Flying Aces Kaydet

 

Flying Aces Kaydet - plan thumbnail image

Flying Aces Kaydet - completed model photo more pics (1)

Flying Aces Kaydet  
by Nick Limber, J Sorkowitz
from Flying Aces
June 1939 
20in span
Tags: Rubber F/F Cabin
all formers complete :)
got article :)


This plan was found online 07/04/2012 at: http://www.rcgroups.com/forums/showpost.php?p=21246076&postcount=9270
Outerzone planID: oz2709 | Filesize: 188KB | Format: • PDFbitmap | Credit*: cougdave, DBHL, theshadow

   

About this Plan

Flying Aces Kaydet. Rubber sport cabin model.

Quote: "The FA Kaydet is a sturdy little model designed primarily for the enjoyment of the builder during construction as well as flying. Its simple lines permit rapid assembling of the craft and prevent constructional pitfalls into which the 'cadet' builder might fall with other models designed for endurance.

The rugged structure of the plane has passed rigid tests, inasmuch as the original Kaydet was built over a year ago. Flown constantly during this time, the craft has yet to meet with any mishap or crack-up. It has always delivered top-notch performance. And if your Kaydet is built according to specifications, it will equal the per-formance of the original model. So let's start the con-struction of this unique ship.

All fuselage framework is built of 1/8 sq strips. After carefully placing the diagrams of the body together, pin the longerons to the plans. Incidentally, if you wish to preserve the drawings, place a sheet of transparent wax paper over the plans before you start work.

The uprights are cemented in place between the longerons, and the unit should be allowed to dry thoroughly before the pins are removed. And after the sides have been completed, assemble the fuselage by placing the cross members in their proper places on both the upper and lower surfaces of the structure.

Formers No. 1 and No. 2 are made of 1/16 and 1/8 sheet balsa respectively. These are then cemented to frame as indicated in the plans. The stringers that are attached to the formers are made of 1/8 by 1/16 balsa. The windshield frame may be constructed of stuff of the same dimensions.

Sheet balsa covering, 1/16 in thickness, is cemented between the first two uprights, aty he tailpost, and at other stations dicated by the side view diagram. Similar balsa covering should now be glued to the bottom surface of the fuselage between the first two uprights..."

Update 09/10/2018: Replaced this plan with a clearer copy (single sheet, shows full wing layout) thanks to DBHL, theshadow.

Scan from DBHL, cleanup by theshadow.

ref DBHL-5856.

Direct submission to Outerzone.

Supplementary files

Article pages, text and pics.
Previous scan version.

Corrections?

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User comments

I built one in 1939 and found it to have a heavy wing loading. Not surprising considering the dimensions of the wood indicated. More recently I built another and found the same flight pattern; little height gain and steep glide. I have decided to build yet another and closer examination of the plan shows that the actual thicknesses of some components as printed on the plan(wing spars, trailing edge etc) do not correspond to the specified dimentions. For instance if you measure the width of the trailing edge on the plan and compare that with the stated dimension you will see the difference. I have become convinced that the original plan was reduced in places to fit in to the Flying Aces page size. I think that the original wingspan would have been 25 inches or thereabout, have increased a plan to that size. but I am not sure yet if some other components such as tailplane can be increases in the same way.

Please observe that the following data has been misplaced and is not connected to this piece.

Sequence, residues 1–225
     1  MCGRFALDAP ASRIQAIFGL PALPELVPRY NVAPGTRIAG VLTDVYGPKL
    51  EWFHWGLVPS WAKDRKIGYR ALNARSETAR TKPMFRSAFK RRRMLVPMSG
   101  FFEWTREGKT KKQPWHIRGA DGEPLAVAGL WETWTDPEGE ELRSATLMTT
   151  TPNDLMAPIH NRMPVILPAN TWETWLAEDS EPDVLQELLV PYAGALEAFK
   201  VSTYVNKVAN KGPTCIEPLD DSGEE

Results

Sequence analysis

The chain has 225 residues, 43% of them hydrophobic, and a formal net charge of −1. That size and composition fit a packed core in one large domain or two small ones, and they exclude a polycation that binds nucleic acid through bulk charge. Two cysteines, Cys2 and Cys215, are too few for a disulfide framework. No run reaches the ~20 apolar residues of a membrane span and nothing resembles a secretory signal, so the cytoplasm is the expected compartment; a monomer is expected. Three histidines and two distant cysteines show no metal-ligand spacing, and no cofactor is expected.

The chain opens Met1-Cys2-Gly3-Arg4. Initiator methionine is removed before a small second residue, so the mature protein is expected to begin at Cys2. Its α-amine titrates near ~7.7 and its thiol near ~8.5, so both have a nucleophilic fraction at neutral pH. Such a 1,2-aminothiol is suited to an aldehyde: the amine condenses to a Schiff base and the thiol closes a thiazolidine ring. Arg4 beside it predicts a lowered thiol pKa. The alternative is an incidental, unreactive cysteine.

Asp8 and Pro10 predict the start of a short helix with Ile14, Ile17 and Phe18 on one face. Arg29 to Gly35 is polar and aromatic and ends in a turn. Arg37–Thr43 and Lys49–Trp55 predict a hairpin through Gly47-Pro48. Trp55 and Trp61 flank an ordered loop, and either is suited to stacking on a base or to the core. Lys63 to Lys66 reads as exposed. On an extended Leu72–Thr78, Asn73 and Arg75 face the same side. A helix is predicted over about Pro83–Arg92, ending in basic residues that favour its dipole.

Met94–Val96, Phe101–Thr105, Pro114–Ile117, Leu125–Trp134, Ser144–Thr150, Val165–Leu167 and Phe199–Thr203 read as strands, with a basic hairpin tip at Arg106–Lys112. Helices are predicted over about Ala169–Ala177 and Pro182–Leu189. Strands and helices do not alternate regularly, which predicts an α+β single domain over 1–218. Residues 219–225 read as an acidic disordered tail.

RalphHunt - 23/07/2013
Interesting. Curiously the SAM approved list here http://www.antiquemodeler.org/sam_new/approved_lists/new-rubber/page-7.html lists it as even smaller, at 15in. That does seem wrong, to me. Anyone out there sure of the span?
SteveWMD - 23/07/2013
Hello. A couple of further points: I have the original Flying Aces of 1939. The wood labelled on the plan as 1/8" sq.actually measures as 3/32" which would indicate a 75% scaling. The wingspan measured on the plan in Flying Aces is about eighteen and a quarter inches , so scaling up from 75% to 100% would give 24"-25". This would mean a better wing loading for a fuselage solidly constructed with 1/8" sq. throughout - and with some 1/16" sheeting. time will tell.
RH - 23/07/2013
The plan in the Flying Aces magazine is on several pages. The page with the wing plan labels the trailing edge as 1/4" wide. It actually measures 3/16" i.e. 75%. There are anomalies also in the tailplane dimensions.
RH - 24/07/2013
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Notes

* Credit field

The Credit field in the Outerzone database is designed to recognise and credit the hard work done in scanning and digitally cleaning these vintage and old timer model aircraft plans to get them into a usable format. Currently, it is also used to credit people simply for uploading the plan to a forum on the internet. Which is not quite the same thing. This will change soon. Probably.

Scaling

This model plan (like all plans on Outerzone) is supposedly scaled correctly and supposedly will print out nicely at the right size. But that doesn't always happen. If you are about to start building a model plane using this free plan, you are strongly advised to check the scaling very, very carefully before cutting any balsa wood.

 

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